The Federal Reserve Bank of New York updated its list of "Reverse Repo Counterparties." The statement says, "Prudential Government Money Market Fund, Inc. – PGIM Core Government Money Market Fund has been added to the list of reverse repo counterparties, effective May 17, 2024." The NY Fed's current list of "Money Market Funds" now includes: AllianceBernstein: AB Fixed-Income Shares, Inc., AB Government Money Market Portfolio; Allspring Funds Management: Allspring Government Money Market Fund, Allspring Heritage Money Market Fund, Allspring Money Market Fund and Allspring Treasury Plus Money Market Fund; BlackRock Liquidity Funds: FedFund, T-Fund, TempCash, TempFund, Money Market Master Portfolio and Treasury Money Market Master Portfolio; BNY Mellon Investment Adviser: Dreyfus Cash Management, Dreyfus Government Cash Management, Dreyfus Institutional Preferred Government Money Market Fund, Dreyfus Treasury and Agency Liquidity Money Market Fund, Dreyfus Treasury Obligations Cash Management; Capital Research and Management Company: American Funds U.S. Government Money Market Fund and Capital Group Central Fund Series, Capital Group Central Cash Fund; Charles Schwab Investment Management: Schwab Government Money Fund, Schwab Treasury Obligations Money Fund, Schwab Value Advantage Money Fund and Schwab Variable Share Price Money Fund; Columbia Management Investment Advisers: Columbia Short-Term Cash Fund, a series of Columbia Funds Series Trust II; Deutsche Investment Management Americas: Government Cash Management Portfolio; Dimensional Fund Advisors LP: The DFA Short Term Investment Fund of The DFA Investment Trust Company; Federated Investment Management: Edward Jones Money Market Fund, Federated Hermes Capital Reserves Fund, Federated Hermes Government Obligations Fund, Federated Hermes Government Obligations Tax-Managed Fund, Federated Hermes Government Reserves Fund, Federated Hermes Inst Prime Obligations Fund, Federated Hermes Inst Prime Value Obligations Fund, Federated Hermes Municipal Obligations Fund, Federated Hermes Prime Cash Obligations Fund, Federated Hermes Tax-Free Obligations Fund, Federated Hermes Treasury Obligations Fund, Federated Hermes Trust for U.S. Treasury Obligations and Federated Hermes U.S. Treasury Cash Reserves; Fidelity Management & Research Company: Fidelity Colchester Street Trust: Government Portfolio, Fidelity Colchester Street Trust: Money Market Portfolio, Fidelity Colchester Street Trust: Treasury Portfolio, Fidelity Hereford Street Trust: Fidelity Government Money Market Fund, Fidelity Hereford Street Trust: Fidelity Money Market Fund, Fidelity Newbury Street Trust: Fidelity Treasury Money Market Fund, Fidelity Phillips Street Trust: Fidelity Government Cash Reserves, Fidelity Revere Street Trust: Fidelity Cash Central Fund, Fidelity Revere Street Trust: Fidelity Securities Lending Cash Central Fund, Fidelity Salem Street Trust: Fidelity Series Government Money Market Fund and VIP Government Money Market Portfolio; Franklin Advisers: The Money Market Portfolio; Goldman Sachs Asset Management: Goldman Sachs Financial Square Government Fund, Goldman Sachs Financial Square Money Market Fund, Goldman Sachs Financial Square Prime Obligations Fund, Goldman Sachs Financial Square Treasury Obligations Fund and Goldman Sachs Financial Square Treasury Solutions Fund; HSBC Global Asset Management (USA): HSBC U.S. Government Money Market Fund; Invesco Advisers: STIT Government and Agency Portfolio and STIT Treasury Portfolio; J.P. Morgan Investment Management: JPMorgan Liquid Assets Money Market Fund, JPMorgan Prime Money Market Fund, JPMorgan Tax Free Money Market Fund, JPMorgan U.S. Government Money Market Fund and JPMorgan U.S. Treasury Plus Money Market Fund; Legg Mason Partners Fund Advisor: Western Asset/Government Portfolio, Western Asset/Liquid Reserves Portfolio and Western Asset/U.S. Treasury Reserves Portfolio; Morgan Stanley Investment Management: Morgan Stanley Institutional Liquidity Funds Government Portfolio, Morgan Stanley Institutional Liquidity Funds Government Securities Portfolio, Morgan Stanley Institutional Liquidity Funds Prime Portfolio, Morgan Stanley Institutional Liquidity Funds Treasury Portfolio and Morgan Stanley Institutional Liquidity Funds Treasury Securities Portfolio; Northern Trust Investments: NTAM Treasury Assets Fund, Northern Funds - U.S. Government Money Market Fund, Northern Funds - U.S. Government Select Money Market Fund, Northern Institutional Funds - Government Portfolio, Northern Institutional Funds - Government Select Portfolio and Northern Institutional Funds - Treasury Portfolio; Pacific Investment Management Company LLC: PIMCO Funds: PIMCO Government Money Market Fund; PGIM Investments LLC: Prudential Investment Portfolios 2 - PGIM Institutional Money Market Fund; Principal Global Investors, LLC: Principal Funds, Inc. - Government Money Market Fund; RBC Global Asset Management (U.S.): RBC Funds Trust, U.S. Government Money Market Fund; SSgA Funds Management: Institutional Liquid Reserve Portfolio, Institutional US Gov. Money Market Fund, a series of the State Street Master Funds, State Street Navigator Securities Lending Government Money Market Portfolio and State Street Treasury Plus Money Market Portfolio; T. Rowe Price Associates: T. Rowe Price Government Money Fund, Inc., T. Rowe Price Government Reserve Fund, T. Rowe Price Treasury Reserve Fund and T. Rowe Price U.S. Treasury Money Fund; UBS Asset Management (Americas): Government Master Fund, Limited Purpose Cash Investment Fund, Prime Master Fund and Treasury Master Fund; U.S. Bancorp Asset Management: First American Government Obligations Fund and First American Treasury Obligations Fund; The Vanguard Group: Vanguard Treasury Money Market Fund, Vanguard Market Liquidity Fund and Vanguard Cash Reserves Federal Money Market Fund; and Wilmington Funds Management: Wilmington U.S. Government Money Market Fund. The NY Fed describes the "Eligibility criteria of the program, "In order to be eligible to become a reverse repo counterparty, a firm must be either: A state or federally chartered bank or savings association (or a state or federally licensed branch or agency of a foreign bank) with total assets equal to or greater than $30 billion, or reserve balances equal to or greater than $10 billion on the last quarter for which relevant reports are available; or A government-sponsored enterprise; or An SEC-registered 2a-7 fund that has, measured at each month-end for the most recent six consecutive months, either net assets of no less than $2 billion or an average outstanding amount of RRP transactions of no less than $500 million. Firms must already have arrangements in place to operate in the triparty repo market, in transactions collateralized by U.S. government debt, agency debt and agency mortgage-backed securities. Firms must be able to execute RRPs with securities margined at 100% (i.e. the value of the securities provided by the New York Fed will equal the funds provided by the counterparty)." (See here for the NY Fed's latest "Repo and Reverse Repo Operations".)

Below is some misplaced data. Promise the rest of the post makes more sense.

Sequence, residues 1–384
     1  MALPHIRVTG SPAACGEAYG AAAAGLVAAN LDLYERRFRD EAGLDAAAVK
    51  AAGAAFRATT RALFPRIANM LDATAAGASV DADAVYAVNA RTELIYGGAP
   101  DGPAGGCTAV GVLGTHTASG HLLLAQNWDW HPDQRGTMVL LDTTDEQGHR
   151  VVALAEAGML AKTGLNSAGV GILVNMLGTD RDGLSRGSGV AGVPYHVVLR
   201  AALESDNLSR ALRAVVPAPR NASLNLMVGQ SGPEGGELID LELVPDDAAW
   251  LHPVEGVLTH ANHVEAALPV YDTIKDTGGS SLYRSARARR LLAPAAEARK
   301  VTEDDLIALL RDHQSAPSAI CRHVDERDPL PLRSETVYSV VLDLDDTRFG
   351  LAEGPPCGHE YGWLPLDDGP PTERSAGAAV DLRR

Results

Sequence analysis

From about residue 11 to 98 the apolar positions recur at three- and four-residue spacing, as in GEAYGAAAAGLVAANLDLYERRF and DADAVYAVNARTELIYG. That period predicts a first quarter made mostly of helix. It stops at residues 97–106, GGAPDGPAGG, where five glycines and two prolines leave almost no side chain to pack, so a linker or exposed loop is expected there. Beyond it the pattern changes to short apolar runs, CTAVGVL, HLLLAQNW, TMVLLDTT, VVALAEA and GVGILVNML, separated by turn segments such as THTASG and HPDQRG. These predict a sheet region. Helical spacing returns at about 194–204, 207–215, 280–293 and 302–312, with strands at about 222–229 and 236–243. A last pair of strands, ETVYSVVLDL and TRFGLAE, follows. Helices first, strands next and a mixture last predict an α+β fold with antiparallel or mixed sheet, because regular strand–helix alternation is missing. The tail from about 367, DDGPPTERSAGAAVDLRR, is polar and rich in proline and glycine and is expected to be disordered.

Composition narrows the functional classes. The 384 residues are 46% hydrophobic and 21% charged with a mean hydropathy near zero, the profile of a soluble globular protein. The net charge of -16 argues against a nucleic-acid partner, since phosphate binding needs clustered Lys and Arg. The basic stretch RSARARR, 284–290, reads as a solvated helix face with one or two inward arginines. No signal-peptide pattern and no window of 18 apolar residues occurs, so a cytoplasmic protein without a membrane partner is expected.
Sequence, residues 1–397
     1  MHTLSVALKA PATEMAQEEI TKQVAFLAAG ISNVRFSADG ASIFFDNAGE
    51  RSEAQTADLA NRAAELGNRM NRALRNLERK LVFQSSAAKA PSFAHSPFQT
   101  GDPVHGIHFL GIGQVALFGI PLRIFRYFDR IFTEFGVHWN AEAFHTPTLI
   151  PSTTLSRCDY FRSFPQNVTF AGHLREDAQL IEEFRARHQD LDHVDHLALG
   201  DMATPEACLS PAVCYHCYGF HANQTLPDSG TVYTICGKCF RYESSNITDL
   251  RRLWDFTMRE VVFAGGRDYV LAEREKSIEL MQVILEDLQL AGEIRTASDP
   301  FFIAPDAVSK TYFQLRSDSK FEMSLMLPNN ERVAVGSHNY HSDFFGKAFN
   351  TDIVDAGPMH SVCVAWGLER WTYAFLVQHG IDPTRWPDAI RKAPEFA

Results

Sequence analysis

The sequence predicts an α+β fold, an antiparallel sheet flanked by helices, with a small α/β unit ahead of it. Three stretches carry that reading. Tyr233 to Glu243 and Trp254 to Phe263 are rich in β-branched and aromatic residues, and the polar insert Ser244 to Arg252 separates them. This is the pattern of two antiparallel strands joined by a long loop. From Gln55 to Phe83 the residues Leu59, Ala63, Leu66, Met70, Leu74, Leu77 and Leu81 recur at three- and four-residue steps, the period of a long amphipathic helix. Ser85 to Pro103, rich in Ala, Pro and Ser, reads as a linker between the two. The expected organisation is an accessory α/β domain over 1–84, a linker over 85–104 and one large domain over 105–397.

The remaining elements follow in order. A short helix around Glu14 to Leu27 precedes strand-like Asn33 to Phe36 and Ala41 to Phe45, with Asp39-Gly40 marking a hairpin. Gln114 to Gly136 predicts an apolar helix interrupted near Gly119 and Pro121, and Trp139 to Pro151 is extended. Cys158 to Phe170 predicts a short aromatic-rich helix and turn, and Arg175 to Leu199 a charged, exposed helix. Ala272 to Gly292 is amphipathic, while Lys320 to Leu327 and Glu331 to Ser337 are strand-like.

Crane Data published its latest Weekly Money Fund Portfolio Holdings statistics Tuesday, which track a shifting subset of our monthly Portfolio Holdings collection. The most recent cut (with data as of May 17) includes Holdings information from 68 money funds (unchanged from a week ago), or $3.103 trillion (up from $3.088 trillion) of the $6.446 trillion in total money fund assets (or 48.1%) tracked by Crane Data. (Our Weekly MFPH are e-mail only and aren't available on the website. See our latest Monthly Money Fund Portfolio Holdings here and our May 10 News, "May Money Fund Portfolio Holdings: Repo Jumps to No. 1, T-Bills Plunge.") Our latest Weekly MFPH Composition summary shows Government assets dominating the holdings list with Treasuries totaling $1.387 trillion (down from $1.397 trillion a week ago), or 44.7%; Repurchase Agreements (Repo) totaling $1.204 trillion (up from $1.172 trillion a week ago), or 38.8%, and Government Agency securities totaling $256.6 billion (down from $258.2 billion), or 8.3%. Commercial Paper (CP) totaled $88.9 billion (down from a week ago at $91.0 billion), or 2.9%. Certificates of Deposit (CDs) totaled $67.6 billion (down from $70.2 billion a week ago), or 2.2%. The Other category accounted for $67.5 billion or 2.2%, while VRDNs accounted for $31.7 billion, or 1.0%. The Ten Largest Issuers in our Weekly Holdings product include: the US Treasury with $1.387 trillion (44.7% of total holdings), Fixed Income Clearing Corp with $277.9B (9.0%), Federal Home Loan Bank with $194.2B (6.3%), the Federal Reserve Bank of New York with $143.9 billion (4.6%), BNP Paribas with $78.8B (2.5%), Citi with $77.8B (2.5%), JP Morgan with $74.9B (2.4%), RBC with $65.3B (2.1%), Federal Farm Credit Bank with $60.0B (1.9%) and Goldman Sachs with $48.8B (1.6%). The Ten Largest Funds tracked in our latest Weekly include: JPMorgan US Govt MM ($257.2B), Goldman Sachs FS Govt ($229.3B), JPMorgan 100% US Treas MMkt ($203.3B), Fidelity Inv MM: Govt Port ($196.0B), BlackRock Lq FedFund ($147.3B), Morgan Stanley Inst Liq Govt ($139.6B), State Street Inst US Govt ($128.8B), Fidelity Inv MM: MM Port ($127.8B), Allspring Govt MM ($118.9B) and BlackRock Lq Treas Tr ($116.0B). (Let us know if you'd like to see our latest domestic U.S. and/or "offshore" Weekly Portfolio Holdings collection and summary.)